If that's part of what we're doing, sign me up. I never wanted my life to be about small things, anyway.

It's official! I'm engaged to the best girlfriend I could possibly imagine. This is my second time being engaged, but I took my time, this time, and I believe we're taking this step for the right reasons.

The engagement announcement brings with it a funny story. Well, I say "funny" in the euphemistic sense one uses when one can do little more than laugh at a situation so far out of hand. I won't bore you with the details, but let's just say that, since an incident in the eighth grade when a teacher put her job on the line to cover my lie, honesty and integrity have been exceptionally important to me. My commitment to integrity means that I work very hard to make my thoughts, words, and actions consistent. I often describe this by saying "if I'm lying to you, it's because I'm lying to myself."

I have never been one to blindly follow tradition. That's not to say I don't follow traditions, mind you. I just choose which ones I follow carefully, and with an eye toward whether or not I believe in their innate value. Speaking in the terms defined above, that means I can't follow a tradition just to follow it, I have to believe it.

To make a long story short, after much discussion, we decided that a reasonable compromise between what I wanted, what Irene wanted, and what we knew her father wanted, would be for me to ask for his blessing on our engagement. I regarded that as perfectly reasonable. The more people that are rooting for you, the better you're likely to do. It's an energy transfer thing. What I absolutely would not do was ask for permission to marry. It's not that I don't respect the man or his traditions, it's just that my asking his permission would not have been an act of integrity, because I don't believe that I (or we) need his permission. There's no point in asking someone's permission when you know you're going to bloody well do it no matter what they say. You might apprise them of your intentions, but if you're going to do it anyway, I believe that falsely asking for permission is, in fact, quite disrespectful.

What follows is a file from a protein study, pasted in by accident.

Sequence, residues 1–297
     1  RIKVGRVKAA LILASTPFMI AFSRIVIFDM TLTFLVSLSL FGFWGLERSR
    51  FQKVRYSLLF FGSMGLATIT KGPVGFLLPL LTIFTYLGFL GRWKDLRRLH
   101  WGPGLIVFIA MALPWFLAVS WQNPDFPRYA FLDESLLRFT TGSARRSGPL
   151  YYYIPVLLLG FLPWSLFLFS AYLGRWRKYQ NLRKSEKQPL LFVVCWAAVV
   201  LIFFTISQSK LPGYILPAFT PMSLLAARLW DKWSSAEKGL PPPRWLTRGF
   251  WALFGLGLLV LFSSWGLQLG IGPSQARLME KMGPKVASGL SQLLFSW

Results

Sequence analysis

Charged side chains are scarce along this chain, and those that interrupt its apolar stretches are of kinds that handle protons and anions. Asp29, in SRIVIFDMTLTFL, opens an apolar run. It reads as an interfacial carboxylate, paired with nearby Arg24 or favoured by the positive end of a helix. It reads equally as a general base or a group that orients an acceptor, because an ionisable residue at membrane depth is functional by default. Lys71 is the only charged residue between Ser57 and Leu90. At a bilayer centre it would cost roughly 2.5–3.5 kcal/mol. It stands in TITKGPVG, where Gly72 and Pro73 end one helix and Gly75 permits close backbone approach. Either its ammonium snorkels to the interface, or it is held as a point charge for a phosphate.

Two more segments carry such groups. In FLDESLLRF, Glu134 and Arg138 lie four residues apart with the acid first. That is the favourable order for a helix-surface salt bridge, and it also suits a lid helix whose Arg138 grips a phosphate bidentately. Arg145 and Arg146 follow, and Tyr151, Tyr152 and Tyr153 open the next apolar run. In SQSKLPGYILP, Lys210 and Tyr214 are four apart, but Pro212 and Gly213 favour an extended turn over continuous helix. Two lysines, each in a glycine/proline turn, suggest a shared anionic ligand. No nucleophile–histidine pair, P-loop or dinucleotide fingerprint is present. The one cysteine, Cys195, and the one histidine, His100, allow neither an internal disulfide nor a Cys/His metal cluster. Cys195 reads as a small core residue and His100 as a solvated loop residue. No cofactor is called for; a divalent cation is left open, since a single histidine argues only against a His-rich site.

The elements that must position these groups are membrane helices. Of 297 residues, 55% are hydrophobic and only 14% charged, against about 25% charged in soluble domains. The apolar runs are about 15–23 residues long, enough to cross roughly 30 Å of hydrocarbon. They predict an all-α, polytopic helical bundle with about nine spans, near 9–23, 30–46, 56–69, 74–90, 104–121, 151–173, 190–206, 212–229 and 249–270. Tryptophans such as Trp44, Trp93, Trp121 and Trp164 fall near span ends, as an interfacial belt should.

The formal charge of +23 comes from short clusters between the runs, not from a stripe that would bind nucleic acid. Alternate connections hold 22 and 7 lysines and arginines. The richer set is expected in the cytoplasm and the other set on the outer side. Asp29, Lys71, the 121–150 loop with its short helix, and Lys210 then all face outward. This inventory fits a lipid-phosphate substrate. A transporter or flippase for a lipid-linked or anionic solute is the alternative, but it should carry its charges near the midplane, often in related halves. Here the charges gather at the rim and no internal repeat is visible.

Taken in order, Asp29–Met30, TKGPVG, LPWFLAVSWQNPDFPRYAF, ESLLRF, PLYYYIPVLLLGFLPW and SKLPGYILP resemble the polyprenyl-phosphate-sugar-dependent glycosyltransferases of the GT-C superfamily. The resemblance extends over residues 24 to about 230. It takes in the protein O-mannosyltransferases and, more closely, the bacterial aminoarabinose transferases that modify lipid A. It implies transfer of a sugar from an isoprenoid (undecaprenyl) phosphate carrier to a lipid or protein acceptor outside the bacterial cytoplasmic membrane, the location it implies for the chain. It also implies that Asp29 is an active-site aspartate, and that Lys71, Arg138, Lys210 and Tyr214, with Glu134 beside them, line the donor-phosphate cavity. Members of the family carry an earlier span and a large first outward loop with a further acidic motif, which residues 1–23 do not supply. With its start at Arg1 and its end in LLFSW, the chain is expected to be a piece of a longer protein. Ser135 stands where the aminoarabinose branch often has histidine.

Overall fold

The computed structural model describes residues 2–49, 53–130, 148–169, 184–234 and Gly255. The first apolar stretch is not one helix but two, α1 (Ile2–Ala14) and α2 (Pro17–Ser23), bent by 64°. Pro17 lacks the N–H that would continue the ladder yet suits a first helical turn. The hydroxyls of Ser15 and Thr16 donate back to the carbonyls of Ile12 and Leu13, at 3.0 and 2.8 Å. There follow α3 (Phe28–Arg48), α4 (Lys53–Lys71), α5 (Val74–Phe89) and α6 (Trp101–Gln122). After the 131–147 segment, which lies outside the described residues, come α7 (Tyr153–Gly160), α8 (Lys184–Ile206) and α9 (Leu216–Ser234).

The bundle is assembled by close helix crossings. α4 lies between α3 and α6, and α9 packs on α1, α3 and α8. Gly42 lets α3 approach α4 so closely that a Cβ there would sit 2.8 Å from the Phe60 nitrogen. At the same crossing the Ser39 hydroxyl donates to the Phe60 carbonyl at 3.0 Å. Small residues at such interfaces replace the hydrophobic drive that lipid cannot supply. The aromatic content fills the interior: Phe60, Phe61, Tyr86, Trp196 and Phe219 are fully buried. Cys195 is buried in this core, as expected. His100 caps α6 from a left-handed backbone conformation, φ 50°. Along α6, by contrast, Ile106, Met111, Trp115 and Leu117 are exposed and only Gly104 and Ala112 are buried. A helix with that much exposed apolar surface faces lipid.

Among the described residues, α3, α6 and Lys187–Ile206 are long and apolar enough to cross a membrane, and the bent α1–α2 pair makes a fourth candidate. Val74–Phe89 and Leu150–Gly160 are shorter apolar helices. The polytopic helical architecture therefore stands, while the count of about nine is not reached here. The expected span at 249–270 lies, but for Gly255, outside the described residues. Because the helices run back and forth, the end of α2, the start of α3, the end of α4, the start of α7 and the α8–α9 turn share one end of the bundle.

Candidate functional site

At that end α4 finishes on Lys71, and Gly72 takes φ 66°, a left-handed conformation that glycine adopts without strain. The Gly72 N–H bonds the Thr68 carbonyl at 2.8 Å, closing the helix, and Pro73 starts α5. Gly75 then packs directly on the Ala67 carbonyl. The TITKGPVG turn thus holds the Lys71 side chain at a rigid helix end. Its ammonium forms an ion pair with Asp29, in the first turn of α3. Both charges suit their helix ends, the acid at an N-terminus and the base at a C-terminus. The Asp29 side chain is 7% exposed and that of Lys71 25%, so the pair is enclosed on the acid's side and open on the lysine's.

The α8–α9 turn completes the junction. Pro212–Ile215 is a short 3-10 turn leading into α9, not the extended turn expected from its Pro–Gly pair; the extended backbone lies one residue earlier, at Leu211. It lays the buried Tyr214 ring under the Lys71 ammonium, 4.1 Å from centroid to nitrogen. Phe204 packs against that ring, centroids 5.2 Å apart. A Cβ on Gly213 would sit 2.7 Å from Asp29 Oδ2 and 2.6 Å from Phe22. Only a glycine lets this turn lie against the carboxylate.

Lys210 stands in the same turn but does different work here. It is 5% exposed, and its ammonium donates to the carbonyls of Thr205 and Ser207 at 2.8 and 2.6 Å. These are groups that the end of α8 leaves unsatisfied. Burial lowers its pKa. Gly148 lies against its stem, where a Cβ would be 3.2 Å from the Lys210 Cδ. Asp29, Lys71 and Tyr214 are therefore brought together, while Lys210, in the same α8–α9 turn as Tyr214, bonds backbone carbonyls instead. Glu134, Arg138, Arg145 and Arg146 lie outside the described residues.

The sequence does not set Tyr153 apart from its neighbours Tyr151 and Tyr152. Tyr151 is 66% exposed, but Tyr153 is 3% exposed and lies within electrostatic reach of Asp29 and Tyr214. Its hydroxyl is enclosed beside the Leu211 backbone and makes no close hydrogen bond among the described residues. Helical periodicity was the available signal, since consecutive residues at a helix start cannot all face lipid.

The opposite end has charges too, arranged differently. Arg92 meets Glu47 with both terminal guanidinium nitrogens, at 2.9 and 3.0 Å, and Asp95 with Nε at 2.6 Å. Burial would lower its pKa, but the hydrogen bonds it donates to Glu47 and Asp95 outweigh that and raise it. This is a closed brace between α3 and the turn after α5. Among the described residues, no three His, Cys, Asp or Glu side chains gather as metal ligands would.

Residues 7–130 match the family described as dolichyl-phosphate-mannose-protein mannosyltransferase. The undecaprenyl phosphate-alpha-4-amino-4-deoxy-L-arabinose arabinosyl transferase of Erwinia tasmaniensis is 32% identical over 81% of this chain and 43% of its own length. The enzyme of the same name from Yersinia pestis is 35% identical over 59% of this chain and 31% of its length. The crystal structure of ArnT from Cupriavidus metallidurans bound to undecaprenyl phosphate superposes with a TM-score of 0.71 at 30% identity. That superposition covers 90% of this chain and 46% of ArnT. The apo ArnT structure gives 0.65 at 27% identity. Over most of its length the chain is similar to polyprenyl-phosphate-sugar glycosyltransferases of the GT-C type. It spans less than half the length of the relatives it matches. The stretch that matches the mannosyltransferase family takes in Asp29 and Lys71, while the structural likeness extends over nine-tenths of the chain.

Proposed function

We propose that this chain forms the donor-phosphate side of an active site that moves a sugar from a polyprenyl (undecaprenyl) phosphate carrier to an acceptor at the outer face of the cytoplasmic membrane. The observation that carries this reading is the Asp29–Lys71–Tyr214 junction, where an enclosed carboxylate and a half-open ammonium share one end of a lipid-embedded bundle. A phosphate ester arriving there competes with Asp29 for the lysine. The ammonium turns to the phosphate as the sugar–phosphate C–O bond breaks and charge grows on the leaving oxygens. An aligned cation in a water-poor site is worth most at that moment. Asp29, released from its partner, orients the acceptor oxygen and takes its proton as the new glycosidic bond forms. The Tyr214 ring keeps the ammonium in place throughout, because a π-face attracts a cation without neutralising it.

So I asked for his blessing, and got it (along with an earful about how our current living situation isn't right). The next day, after watching a lamb roast on a spit all day (which, incidentally, is very fascinating), we extended the olive branch a foot farther by asking him to do the honor of announcing the engagement to those gathered for Easter. He said (emphasis mine):

Tripp and Irene have very honorably asked for my permission to marry, and I have given it...

Oh, well. We tried. It really doesn't matter, ultimately, but it does illustrate what we're up against.

I'd talk about technical things, but all I've done is fight fires and fix mistakes all week, which hasn't been very rewarding. Well, I did get some serious hacking done late last week and over the weekend on p4.py, a library for writing scripts against a Perforce depot in Python. Like all of my code, it rocks mightily, but is not ready for release :)

I should point out that I'm an Aries. Not just any Aries, either, but an Aries born right at the apex of the Aries cycle (April 6th). It's nice work, if you can get it. Well, I enjoy it, anyway. But, if you follow these things, you know that we're entering Taurus now, which is good, because Taurus finishes things, and I have a lot of crap that needs finishing! In fact, I need about a whole year of Taurus energy to catch up :)

I renewed my hatred for all things Windows this evening when I actually tried to do something with it. You see, in my dark, sordid past, I was a Windows developer. No, that's not quite accurate. I was a Windows zealot. Seriously. I used to rag on the Unix-heads at Interop, saying that NT was going to eat their lunch.

Here I am, a decade later, having matured. I now realize that all software sucks in its own, special way, and that we must choose which particular combination of suckage we want to embrace.

I tried to install StarOffice this evening on the snazzy dual-processor, half-gig of RAM, forty-bazillion gigabyte of disk monster machine that work sent me. You know, the one Irene reads her email on because I do everything on my laptop :)

Anyway, this monster runs Windows 2000, which, I must confess has been more stable and certainly prettier than any Windows incarnation I've had the displeasure to bend to my will. It runs Windows 2000 because my ultimate task for my present employer is to write a pretty wicked set of tests and benchmarks for some Java stuff, and I have to deploy my test suite on many platforms. Dur.

So, until I get to a state where I need to use it for testing, that box is essentially relegated to:

  • Surfing raverporn
  • Reading email
  • Downloading images from the digital camera
  • Watching DVDs (for novelty value and screenshots; I have a real DVD player for chillin').

Back to my story... Irene says she needs to work on her resume, and I don't have any "real" office suite loaded on that machine. So, being a reformed Windows luser, and an affirmed Free Software Zealot for quite some years, now, I go grab StarOffice. She's used it before, under Linux, and it's now open source, so at least I have the peace of mind that comes from knowing that, if I have the time, I can fix it :)